Pediatric drugs

Children benefit from FDA pharmaceutical research program

The average cost to conduct pediatric research on already-marketed prescription drugs increased nearly eight times between 2000 and 2006, according to findings by the Tufts Center for the Study of Drug Development.

“The Best Pharmaceuticals for Children Act seems to be doing its job,” says a researcher from the Tufts Center for the Study of Drug Development. © BARBARA LAING

The increase, in nominal dollars, from $3.93 million in 2000 to $30.82 million in 2006, is consistent with the general increase in cost, length and complexity for developing new drugs, according to the Tufts study.

The analysis also found that during the first 10 years of a Food and Drug Administration program that seeks to encourage pediatric research, such studies have been undertaken on more than 100 diseases and conditions and have led to new labeling for 120 new or already-approved drugs for use in children.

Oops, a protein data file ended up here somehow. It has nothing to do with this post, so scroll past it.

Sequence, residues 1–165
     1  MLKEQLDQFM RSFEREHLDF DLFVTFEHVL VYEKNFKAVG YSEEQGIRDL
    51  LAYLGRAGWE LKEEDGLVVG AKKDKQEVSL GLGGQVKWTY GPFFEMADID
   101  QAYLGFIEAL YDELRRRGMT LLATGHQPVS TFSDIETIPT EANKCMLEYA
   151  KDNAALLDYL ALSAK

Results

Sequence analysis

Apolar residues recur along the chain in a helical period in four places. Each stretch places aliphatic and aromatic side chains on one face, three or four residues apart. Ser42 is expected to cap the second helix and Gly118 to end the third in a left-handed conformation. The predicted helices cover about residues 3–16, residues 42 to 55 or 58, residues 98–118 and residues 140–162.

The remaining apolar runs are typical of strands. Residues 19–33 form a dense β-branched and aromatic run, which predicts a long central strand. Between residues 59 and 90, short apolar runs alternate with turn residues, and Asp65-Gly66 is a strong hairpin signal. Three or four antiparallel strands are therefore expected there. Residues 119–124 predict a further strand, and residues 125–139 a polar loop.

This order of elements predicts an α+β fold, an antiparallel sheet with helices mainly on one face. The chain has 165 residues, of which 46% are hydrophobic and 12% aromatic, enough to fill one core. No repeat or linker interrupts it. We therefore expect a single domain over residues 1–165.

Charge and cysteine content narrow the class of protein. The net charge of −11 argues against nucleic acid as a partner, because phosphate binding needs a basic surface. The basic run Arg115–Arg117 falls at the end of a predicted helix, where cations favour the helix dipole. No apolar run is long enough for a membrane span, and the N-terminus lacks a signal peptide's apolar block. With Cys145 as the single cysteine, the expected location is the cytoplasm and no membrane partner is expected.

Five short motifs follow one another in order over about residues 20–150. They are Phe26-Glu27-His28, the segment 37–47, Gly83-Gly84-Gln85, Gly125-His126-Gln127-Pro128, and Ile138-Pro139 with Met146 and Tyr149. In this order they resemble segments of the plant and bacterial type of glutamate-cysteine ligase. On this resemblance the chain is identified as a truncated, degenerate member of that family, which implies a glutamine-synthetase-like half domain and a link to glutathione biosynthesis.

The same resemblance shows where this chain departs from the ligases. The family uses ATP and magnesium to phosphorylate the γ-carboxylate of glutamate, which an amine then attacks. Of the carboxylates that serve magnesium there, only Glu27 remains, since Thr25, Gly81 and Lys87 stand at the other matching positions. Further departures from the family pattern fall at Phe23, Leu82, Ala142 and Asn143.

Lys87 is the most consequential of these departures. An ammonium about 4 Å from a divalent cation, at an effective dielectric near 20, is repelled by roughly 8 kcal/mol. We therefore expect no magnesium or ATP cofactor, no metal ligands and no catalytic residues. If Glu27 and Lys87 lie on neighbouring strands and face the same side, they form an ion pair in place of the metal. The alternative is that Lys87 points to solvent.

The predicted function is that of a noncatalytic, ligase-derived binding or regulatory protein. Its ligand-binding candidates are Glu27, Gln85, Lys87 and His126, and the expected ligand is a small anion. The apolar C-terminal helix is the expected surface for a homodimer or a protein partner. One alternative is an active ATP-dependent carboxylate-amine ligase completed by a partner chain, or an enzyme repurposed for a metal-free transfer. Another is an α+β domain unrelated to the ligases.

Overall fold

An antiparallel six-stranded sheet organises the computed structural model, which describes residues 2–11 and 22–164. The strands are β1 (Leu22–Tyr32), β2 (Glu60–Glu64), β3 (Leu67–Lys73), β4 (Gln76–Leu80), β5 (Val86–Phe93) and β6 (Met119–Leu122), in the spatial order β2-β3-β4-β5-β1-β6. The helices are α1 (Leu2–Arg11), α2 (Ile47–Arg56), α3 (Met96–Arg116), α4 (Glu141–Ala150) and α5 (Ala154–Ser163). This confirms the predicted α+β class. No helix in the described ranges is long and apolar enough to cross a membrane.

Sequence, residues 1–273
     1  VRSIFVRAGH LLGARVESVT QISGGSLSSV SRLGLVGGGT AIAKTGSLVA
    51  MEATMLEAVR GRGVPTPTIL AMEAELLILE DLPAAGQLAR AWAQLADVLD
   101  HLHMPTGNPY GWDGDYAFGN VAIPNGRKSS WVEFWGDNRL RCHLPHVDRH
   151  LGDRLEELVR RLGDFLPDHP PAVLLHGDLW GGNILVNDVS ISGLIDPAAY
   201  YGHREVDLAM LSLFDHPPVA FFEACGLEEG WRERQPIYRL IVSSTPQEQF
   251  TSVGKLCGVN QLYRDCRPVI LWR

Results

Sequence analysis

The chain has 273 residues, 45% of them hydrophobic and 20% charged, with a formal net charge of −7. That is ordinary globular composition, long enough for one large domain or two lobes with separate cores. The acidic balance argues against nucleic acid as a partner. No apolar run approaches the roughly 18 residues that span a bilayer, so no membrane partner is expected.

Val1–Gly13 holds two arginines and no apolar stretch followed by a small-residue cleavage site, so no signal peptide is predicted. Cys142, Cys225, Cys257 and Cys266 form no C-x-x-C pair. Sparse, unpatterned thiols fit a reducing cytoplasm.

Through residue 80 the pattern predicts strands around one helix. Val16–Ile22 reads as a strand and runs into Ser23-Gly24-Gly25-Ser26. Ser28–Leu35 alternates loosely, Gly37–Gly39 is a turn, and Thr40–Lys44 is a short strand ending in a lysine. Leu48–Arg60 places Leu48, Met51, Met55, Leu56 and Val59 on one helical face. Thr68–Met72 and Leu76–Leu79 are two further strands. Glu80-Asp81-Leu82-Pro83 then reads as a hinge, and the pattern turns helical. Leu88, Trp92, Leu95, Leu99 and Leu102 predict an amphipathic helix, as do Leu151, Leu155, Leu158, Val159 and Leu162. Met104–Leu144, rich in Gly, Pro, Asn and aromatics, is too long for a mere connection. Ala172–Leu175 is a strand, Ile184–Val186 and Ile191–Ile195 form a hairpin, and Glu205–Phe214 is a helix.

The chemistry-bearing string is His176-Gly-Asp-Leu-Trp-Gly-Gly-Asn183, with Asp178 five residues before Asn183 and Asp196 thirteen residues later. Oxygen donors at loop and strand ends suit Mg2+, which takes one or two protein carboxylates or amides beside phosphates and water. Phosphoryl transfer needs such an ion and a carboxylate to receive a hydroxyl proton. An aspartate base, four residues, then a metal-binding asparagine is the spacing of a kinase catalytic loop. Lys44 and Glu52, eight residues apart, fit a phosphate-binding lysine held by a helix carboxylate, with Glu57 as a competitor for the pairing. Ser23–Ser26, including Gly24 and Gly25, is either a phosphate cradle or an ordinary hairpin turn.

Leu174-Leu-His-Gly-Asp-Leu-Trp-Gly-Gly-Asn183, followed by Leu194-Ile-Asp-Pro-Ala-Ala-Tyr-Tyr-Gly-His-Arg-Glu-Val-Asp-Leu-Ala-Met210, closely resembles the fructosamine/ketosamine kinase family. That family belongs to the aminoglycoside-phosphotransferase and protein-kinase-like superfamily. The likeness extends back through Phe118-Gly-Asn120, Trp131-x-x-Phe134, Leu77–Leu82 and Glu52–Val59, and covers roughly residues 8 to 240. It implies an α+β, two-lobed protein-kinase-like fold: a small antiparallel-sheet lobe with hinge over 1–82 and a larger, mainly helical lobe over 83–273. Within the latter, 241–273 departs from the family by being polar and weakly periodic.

To improve labeling of prescription drugs for children, the FDA since 1998 has managed a program in which it asks pharmaceutical companies to conduct pediatric studies on marketed products in exchange for six additional months of market protection, known as pediatric exclusivity, for all products that contain the active ingredient being studied. The Best Pharmaceuticals for Children Act, which authorizes this program, is due for renewal in October.

“While the cost to complete pediatric studies has soared, drug companies are not letting that get in their way,” said Christopher Milne, associate director of the Center for the Study of Drug Development (CSDD). “The Best Pharmaceuticals for Children Act seems to be doing its job, which is to generate more pediatric studies. The bottom line is that better prescribing information and more formulations are being developed for children,” he said.

Since the pediatric exclusivity program began, the FDA reports that it has issued 336 requests for 782 studies involving 46,000 children. During the same time, the cumulative number of pediatric studies completed and subsequently accepted by the FDA rose from 58 in 2000 to an estimated 568 in 2006, according to Tufts CSDD.

The study was reported in the March/April issue of the Tufts CSDD Impact Report.

This story ran in the Tufts Journal in April 2007.